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Could Online Gambling Pay for the US National Debt?

The current U.S. National Debt is standing at $23,190,255,179,973 and rising fast. The Federal Reserve Bank figures indicate that the current debt per citizen is $70,196 and $187,390 per taxpayer. Perhaps the most important indicator is the ratio of Debt/GDP. In the 6 decades since the metrics were measured, U.S. Federal Debt to GDP has increased sharply from 53.36% (1960), to 34.49% (1980), to 59.56% (2000), to 106.70% (2020). From a cursory reading, these stats clearly reflect that the U.S. National Debt is greater the total value of goods and services produced in the country (GDP), resulting in a U.S. Federal Budget deficit of 4.83%. The government debt to GDP ratio hit a record low of 31.80% in 1981, and a record high of 118.90% in 1946. Current statistics are inching towards record high levels.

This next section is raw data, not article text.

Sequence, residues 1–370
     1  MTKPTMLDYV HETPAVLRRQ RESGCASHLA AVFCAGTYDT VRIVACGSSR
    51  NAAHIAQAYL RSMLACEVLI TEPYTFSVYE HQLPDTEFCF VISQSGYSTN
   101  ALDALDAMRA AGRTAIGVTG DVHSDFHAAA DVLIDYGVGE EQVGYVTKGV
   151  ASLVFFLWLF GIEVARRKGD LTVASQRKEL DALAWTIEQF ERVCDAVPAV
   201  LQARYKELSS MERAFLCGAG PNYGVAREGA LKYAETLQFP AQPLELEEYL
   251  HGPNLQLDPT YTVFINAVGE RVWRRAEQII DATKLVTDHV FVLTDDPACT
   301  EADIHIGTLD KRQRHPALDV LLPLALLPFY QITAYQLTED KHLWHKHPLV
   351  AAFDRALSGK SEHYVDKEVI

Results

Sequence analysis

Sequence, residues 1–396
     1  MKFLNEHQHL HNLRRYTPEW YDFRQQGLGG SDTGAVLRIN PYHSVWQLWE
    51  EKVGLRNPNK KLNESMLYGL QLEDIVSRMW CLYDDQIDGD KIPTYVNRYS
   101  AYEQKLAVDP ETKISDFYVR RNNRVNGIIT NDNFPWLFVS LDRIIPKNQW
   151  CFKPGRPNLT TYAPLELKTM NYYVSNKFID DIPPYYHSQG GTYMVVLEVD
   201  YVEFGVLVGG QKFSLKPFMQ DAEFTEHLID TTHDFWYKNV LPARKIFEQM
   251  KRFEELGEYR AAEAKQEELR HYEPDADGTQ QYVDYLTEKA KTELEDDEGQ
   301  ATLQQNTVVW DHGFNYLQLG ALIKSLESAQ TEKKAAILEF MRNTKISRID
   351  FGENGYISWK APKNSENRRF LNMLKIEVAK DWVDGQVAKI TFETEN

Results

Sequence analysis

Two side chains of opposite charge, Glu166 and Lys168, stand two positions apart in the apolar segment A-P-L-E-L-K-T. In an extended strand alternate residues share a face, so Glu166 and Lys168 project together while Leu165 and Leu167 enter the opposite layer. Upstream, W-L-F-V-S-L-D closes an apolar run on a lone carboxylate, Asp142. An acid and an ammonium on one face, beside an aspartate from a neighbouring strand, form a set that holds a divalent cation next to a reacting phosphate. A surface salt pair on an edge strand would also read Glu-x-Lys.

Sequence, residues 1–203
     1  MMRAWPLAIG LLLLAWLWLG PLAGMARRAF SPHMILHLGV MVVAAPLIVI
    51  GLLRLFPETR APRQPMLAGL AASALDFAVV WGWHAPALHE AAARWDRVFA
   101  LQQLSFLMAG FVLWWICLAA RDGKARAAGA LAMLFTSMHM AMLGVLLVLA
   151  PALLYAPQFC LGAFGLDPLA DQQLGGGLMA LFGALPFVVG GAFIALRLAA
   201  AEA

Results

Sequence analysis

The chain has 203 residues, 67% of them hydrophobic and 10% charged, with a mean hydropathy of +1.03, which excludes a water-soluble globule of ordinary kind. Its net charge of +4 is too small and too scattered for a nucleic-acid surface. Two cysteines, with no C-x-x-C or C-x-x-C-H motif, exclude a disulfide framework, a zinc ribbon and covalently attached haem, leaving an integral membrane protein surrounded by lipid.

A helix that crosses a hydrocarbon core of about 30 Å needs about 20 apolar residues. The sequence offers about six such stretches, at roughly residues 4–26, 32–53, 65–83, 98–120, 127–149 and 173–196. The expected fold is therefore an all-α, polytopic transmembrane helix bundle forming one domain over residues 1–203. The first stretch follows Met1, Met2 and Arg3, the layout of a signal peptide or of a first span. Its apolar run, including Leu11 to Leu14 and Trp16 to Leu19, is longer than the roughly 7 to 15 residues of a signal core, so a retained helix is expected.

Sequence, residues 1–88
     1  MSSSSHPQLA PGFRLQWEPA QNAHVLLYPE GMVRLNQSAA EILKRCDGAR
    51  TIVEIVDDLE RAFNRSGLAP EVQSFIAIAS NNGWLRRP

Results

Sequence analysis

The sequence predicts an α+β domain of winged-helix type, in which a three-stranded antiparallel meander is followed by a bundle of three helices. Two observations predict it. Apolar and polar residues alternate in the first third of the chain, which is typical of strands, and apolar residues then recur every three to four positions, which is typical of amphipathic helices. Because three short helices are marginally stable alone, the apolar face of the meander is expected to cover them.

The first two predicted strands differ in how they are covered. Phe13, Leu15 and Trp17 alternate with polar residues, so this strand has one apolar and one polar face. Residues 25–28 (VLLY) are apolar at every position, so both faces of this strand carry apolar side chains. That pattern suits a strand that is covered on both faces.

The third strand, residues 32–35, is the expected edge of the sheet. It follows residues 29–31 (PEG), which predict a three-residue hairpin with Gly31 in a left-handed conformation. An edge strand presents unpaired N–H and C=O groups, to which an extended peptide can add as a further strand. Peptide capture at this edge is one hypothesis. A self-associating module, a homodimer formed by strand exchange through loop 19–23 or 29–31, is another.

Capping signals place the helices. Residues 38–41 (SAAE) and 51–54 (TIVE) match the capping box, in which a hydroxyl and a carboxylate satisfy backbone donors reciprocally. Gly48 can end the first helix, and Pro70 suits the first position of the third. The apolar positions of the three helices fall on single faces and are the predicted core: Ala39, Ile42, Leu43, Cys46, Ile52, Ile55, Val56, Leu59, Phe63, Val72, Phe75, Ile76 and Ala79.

Source: US Treasury Department

  • President Ronald Reagan added $1.86 trillion to the national debt
  • President George H.W. Bush added $1.554 trillion to the national debt
  • President Bill Clinton added $1.396 trillion to the national debt
  • President George W. Bush added $5.849 trillion to the national debt
  • President Barack H. Obama added $8.588 trillion to the national debt
  • President Donald J. Trump is expected to add $5.088 trillion to the national debt by the end of his first term (+/-).

Clearly, the national debt is increasing at an unprecedented rate and it appears to be a runaway train that no administration is capable of reining in. Sound economic theory states that the only way to reverse this alarming trend is to generate more revenue and reduce expenditure, or simply to cut costs while maintaining healthy economic growth.